Creating a leg lock system
When I first began work on leg locks it became clear that ashi garami Based locks were the most effective. Ashi garami is a generic term that simply means something like “entangled legs.” (An archaic version of it is even part of the old Kodokan Judo syllabus where is refers to one specific leg lock which is illegal in Judo competition) Really it refers to any situation where, at a minimum, TWO OF MY LEGS CONTROL ONE OF MY OPPONENTS LEGS. Because the the legs offer substantial means to control an opponent’s movement, they can be used as the basis of high percentage submissions. There were many different variations of ashi garami, each having its good and bad points. In time I came to believe that one of the most useful ways to help categorize and organize the system was to make a division between three main versions of ashi garami that controlled the legs in ways that were importantly different.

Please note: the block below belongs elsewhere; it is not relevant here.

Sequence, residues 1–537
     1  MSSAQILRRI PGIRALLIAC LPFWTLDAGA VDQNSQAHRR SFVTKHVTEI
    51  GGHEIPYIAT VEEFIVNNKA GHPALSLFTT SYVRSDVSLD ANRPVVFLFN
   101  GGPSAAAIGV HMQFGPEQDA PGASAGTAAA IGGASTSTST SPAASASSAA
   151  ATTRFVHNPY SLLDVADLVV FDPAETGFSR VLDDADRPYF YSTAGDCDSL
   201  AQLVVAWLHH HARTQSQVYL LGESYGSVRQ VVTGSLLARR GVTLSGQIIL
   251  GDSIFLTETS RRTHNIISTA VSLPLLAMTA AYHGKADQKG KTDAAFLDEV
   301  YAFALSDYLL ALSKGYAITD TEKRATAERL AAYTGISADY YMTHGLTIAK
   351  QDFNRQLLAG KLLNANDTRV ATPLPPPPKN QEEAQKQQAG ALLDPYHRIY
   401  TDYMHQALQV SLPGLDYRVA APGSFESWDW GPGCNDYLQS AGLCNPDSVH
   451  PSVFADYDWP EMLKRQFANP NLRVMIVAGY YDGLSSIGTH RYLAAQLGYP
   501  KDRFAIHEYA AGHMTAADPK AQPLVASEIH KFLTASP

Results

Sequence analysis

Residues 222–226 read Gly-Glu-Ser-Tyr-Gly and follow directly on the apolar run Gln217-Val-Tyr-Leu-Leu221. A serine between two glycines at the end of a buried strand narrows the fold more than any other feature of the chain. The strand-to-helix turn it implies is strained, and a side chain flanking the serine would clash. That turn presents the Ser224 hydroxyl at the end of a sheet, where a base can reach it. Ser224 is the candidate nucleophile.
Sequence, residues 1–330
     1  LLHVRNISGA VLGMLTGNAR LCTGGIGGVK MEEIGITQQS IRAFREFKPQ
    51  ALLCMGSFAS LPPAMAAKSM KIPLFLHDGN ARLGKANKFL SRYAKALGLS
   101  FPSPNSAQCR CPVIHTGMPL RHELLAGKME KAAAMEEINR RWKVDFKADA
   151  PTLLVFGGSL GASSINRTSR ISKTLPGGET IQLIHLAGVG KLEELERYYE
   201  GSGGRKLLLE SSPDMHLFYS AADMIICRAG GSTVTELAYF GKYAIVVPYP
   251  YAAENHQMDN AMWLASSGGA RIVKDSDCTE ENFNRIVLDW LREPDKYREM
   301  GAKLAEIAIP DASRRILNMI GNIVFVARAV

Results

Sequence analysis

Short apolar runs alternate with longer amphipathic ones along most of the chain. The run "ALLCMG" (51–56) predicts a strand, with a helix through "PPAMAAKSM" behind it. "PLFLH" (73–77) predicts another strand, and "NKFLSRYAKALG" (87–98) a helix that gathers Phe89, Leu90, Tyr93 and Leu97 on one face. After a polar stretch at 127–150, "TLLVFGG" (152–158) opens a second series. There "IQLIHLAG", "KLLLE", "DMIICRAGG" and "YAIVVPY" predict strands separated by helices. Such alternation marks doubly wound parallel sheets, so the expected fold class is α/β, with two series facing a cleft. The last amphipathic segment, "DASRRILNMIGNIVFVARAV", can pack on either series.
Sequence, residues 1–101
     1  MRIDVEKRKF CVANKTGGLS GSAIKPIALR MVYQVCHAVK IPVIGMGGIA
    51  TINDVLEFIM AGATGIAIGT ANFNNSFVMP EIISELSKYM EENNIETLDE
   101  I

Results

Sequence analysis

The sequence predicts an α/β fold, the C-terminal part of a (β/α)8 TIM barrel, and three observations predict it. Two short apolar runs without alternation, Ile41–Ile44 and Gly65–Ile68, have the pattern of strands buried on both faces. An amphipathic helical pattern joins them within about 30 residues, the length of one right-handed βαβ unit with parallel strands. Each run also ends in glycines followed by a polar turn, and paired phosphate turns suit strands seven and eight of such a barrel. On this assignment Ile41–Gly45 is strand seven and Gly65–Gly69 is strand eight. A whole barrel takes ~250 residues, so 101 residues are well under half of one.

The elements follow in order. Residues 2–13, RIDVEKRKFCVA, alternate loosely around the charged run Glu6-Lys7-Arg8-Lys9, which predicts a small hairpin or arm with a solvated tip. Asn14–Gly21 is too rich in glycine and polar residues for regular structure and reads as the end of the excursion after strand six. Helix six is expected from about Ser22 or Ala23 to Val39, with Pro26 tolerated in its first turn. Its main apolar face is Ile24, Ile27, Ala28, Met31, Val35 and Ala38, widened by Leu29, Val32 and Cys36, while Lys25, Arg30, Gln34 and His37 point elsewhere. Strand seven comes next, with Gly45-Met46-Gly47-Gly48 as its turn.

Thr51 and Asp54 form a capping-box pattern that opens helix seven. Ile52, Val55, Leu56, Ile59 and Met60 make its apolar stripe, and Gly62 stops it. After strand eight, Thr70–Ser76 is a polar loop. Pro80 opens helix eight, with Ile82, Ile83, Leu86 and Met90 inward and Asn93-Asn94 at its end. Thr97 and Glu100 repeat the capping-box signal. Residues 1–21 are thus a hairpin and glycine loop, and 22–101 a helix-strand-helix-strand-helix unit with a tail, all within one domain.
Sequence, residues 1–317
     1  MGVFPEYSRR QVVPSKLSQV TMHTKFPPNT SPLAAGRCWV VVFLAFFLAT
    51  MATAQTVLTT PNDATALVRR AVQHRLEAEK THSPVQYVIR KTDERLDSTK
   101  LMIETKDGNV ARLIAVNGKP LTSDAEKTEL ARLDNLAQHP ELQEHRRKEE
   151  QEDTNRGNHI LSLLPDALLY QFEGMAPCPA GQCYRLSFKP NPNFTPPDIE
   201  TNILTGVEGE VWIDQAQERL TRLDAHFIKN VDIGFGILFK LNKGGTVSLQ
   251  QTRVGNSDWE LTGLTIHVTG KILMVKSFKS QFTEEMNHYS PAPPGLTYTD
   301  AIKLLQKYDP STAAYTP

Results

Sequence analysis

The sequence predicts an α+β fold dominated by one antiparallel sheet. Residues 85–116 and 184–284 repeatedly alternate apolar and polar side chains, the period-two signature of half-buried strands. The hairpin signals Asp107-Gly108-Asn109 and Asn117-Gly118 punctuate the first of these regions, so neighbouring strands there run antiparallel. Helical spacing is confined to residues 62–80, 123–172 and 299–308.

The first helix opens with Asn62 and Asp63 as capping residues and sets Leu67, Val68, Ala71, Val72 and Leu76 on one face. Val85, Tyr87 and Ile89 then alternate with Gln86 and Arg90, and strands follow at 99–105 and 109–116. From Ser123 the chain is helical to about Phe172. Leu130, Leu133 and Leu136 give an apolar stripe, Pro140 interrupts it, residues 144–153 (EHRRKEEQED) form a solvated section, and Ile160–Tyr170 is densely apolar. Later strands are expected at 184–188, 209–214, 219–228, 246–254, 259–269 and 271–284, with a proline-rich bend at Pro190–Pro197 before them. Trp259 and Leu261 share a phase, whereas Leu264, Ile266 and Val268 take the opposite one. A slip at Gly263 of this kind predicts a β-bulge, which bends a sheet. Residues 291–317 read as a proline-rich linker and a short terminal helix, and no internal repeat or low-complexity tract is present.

1 Straight ashi garami system
2 Cross ashi garami system
3 Reverse ashi garami Each of these three has a very different methodology of control and submission. As such, a big part of the ashi garami system is to see that really it is three distinct but linked systems embedded within an overall leg attack system. Within each of the three main ashi garami systems there are many different variations of leg entanglement and of course, it is important that one should be able to transfer at any given time between the three. A big part of effective system building comes from discerning the main methods of control and what directions they move towards. Then it is a matter of building infrastructure around those elements until you have effective solutions to the problems opponents create for you. Here, Gordon Ryan works on a variation of reverse ashi garami that leads into very effective attacks on both legs.